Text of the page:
Research suggests that open office floor plans make employees frazzled and despondent. But Beck is an open book, and she believes others want to be, too—they’re just searching for the right environment to bloom.
Indeed, without any sexual pressure, there’s something charmingly innocent and jocular about the environment on the day I arrive. The Podestrians I meet, who all happen to be in their early 20s, are wide-eyed and super friendly in a way that reminds me of freshman orientation—or, you know, a cult.
Everyone calls me by my first name, which makes me worry they’ve reached a certain level of co-working clairvoyance, until I realize “Steven” is written in chalk beneath my bed.
The idea is for your hostel bunk to also be your cafe, or “third space.”
After I’ve put my stuff down, Package gives me a tour of PodShare’s kitchen. “The milk is communal,” she explains, opening the fridge. “Other stuff isn’t, but no one is too attached to anything.” I make note of an intriguing energy drink. There’s also a shelf filled with cereal and other staples (peanut butter, jelly) that could keep a Podestrian adequately satiated without spending a penny.
Package then shows me the future of the PodShare experience: a murphy bed with a desk tucked under it that reveals itself when you give it a slight push upward. (A hydraulic arm does most of the heavy lifting.) The innovation could potentially transform every pod into working and sleeping compartments.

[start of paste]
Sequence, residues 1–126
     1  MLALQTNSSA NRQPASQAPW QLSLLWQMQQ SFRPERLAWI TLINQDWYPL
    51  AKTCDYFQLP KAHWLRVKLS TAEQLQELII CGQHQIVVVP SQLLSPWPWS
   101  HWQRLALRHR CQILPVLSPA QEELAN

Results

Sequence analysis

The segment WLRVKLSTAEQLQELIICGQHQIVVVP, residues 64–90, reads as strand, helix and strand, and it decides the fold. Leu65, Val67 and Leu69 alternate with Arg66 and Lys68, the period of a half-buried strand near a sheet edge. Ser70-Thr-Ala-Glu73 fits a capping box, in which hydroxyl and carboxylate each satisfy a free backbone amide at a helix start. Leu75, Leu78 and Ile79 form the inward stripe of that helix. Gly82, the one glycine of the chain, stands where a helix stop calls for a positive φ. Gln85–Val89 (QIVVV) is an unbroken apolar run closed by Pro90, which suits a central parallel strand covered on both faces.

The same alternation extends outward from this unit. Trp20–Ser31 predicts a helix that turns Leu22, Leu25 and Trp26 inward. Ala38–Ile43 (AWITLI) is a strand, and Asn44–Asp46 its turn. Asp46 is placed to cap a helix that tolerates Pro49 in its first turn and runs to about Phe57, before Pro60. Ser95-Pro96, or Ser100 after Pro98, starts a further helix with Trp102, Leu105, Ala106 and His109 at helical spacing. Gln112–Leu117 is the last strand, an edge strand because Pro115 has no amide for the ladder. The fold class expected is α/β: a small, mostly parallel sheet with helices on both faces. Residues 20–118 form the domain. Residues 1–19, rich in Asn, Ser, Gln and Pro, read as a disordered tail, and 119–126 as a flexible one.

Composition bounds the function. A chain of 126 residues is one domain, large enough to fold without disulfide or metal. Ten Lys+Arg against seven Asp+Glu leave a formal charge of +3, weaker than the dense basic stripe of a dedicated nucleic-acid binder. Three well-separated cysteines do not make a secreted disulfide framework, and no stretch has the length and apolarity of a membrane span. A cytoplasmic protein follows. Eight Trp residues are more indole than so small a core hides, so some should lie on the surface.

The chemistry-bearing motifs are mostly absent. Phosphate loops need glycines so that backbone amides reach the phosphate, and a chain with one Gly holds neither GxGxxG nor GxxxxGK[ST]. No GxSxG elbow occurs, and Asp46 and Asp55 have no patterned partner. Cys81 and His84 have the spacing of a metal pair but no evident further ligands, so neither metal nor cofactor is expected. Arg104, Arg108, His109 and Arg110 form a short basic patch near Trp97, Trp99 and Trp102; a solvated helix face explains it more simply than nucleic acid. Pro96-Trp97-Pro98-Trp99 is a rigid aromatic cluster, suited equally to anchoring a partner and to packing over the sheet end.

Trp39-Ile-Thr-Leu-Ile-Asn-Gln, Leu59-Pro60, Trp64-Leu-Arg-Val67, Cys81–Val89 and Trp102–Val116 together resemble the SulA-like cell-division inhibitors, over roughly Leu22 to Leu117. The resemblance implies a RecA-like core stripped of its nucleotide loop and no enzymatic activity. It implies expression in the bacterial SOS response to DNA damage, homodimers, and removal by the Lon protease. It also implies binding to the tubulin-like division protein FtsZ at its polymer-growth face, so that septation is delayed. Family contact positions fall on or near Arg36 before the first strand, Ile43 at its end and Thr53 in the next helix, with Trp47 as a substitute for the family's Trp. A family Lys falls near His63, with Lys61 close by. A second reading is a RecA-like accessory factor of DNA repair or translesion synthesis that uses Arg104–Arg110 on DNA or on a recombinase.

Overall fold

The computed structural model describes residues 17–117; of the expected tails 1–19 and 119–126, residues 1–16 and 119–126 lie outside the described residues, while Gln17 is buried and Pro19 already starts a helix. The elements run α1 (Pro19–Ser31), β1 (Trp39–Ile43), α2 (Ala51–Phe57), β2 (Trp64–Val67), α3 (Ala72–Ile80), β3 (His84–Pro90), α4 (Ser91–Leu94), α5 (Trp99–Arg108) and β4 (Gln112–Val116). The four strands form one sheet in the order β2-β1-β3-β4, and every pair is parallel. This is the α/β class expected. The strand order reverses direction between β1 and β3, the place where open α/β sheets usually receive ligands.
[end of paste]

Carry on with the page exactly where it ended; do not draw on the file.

“Does the bed have a sensor so it doesn’t accidentally fling you against the wall?” I ask.
“It can’t flip when it has weight on it,” Package assures me.
The idea, Beck later explains, is for your hostel bunk to also be your cafe, or “third space.” Why spend money on a cappuccino and a hostel bed when you can sleep and work in one big room?
Beck’s broader ambition is to have multiple PodShares around Los Angeles so you can could work, grab a hot shower, and store your belongings in lockers across town. She plans to have a Los Feliz location open in June, and four more throughout the city soon after that.
Though you can already rent workspace in L.A. through companies like WeWork, it’s the combination of sleeping near—and networking with—one big group of people that makes PodShare unique.
And, boy, do these Podestrians network. While I’d initially thought the pod life might attract a budget-friendly clientele simply looking for a cheap place to crash, most of the visitors I talk to are e-commerce wizards eager to trade tips about how to make money online.
One sells jewelry on Shopify and talks up the EDM festival he just visited in Vegas. Another has a get-rich-quick eBook link in his Instagram bio and pictures of himself skydiving over Rotterdam. They tell me they chose PodShare because Airbnb doesn’t offer enough opportunities to network with other young, connected people.